Objects that are further away accelerate faster than objects that are closer. Quite an odd anomaly for objects moving on a static background. Furthermore, everything in the universe is moving away from everything else dependent on your reference frame. Say I travel 1 light year into space, now I take an observational survey of all of the "fixed" points of light in the space around me. I soon see some of them receding away dependent on my distance from them so it changes with respect to my observations on Earth (Hubble's law). Also, metric expansion only occurs globally, or between galaxies that aren't locally bound. For instance, there is no metric expansion between the Earth and our local cluster of galaxies.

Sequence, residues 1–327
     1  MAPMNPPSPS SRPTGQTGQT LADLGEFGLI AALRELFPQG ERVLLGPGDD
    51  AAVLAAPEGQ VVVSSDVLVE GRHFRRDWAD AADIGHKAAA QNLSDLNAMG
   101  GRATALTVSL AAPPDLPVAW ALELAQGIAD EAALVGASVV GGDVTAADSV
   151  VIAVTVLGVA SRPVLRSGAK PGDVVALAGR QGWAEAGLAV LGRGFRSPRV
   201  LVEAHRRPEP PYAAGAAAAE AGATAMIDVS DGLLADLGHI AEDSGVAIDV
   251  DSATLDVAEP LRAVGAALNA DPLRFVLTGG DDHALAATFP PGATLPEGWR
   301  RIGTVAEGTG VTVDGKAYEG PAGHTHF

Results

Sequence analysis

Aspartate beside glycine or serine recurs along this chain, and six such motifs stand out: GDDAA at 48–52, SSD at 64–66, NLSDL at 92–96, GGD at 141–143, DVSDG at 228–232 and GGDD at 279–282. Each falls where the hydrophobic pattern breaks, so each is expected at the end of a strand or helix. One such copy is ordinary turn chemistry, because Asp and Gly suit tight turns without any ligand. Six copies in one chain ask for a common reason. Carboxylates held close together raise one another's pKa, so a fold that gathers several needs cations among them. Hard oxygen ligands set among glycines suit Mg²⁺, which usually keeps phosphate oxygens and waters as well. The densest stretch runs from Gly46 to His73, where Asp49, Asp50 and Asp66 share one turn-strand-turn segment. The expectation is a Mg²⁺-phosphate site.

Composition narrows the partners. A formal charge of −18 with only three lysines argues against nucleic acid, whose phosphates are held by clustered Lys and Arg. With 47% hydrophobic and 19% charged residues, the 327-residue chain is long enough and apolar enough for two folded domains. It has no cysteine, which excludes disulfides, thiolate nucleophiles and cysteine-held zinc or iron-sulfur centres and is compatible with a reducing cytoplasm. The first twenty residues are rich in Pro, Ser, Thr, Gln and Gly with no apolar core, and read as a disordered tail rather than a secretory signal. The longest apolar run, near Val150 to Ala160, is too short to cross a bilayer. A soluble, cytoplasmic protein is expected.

Beyond this, there is the theoretical background which comes from the interpretation of Einstein's Field Equations. Friedmann derived a set of equations which described the non-static universe in Einstein's Field Equations as a change in metric over time.